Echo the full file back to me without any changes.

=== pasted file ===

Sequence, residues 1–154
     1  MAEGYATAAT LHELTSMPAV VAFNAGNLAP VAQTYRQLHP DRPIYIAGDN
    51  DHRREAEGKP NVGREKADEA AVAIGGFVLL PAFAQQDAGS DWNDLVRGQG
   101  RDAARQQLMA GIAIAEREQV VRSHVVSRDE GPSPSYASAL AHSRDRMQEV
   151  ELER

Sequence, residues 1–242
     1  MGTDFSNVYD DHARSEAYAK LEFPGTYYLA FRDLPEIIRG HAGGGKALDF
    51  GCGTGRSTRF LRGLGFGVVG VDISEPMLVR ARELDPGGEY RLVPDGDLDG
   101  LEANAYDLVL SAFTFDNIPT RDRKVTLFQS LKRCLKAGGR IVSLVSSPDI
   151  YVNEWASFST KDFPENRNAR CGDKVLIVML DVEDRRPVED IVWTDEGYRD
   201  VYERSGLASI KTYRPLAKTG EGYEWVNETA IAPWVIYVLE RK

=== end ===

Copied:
Sequence, residues 1–154
     1  MAEGYATAAT LHELTSMPAV VAFNAGNLAP VAQTYRQLHP DRPIYIAGDN
    51  DHRREAEGKP NVGREKADEA AVAIGGFVLL PAFAQQDAGS DWNDLVRGQG
   101  RDAARQQLMA GIAIAEREQV VRSHVVSRDE GPSPSYASAL AHSRDRMQEV
   151  ELER

Sequence, residues 1–242
     1  MGTDFSNVYD DHARSEAYAK LEFPGTYYLA FRDLPEIIRG HAGGGKALDF
    51  GCGTGRSTRF LRGLGFGVVG VDISEPMLVR ARELDPGGEY RLVPDGDLDG
   101  LEANAYDLVL SAFTFDNIPT RDRKVTLFQS LKRCLKAGGR IVSLVSSPDI
   151  YVNEWASFST KDFPENRNAR CGDKVLIVML DVEDRRPVED IVWTDEGYRD
   201  VYERSGLASI KTYRPLAKTG EGYEWVNETA IAPWVIYVLE RK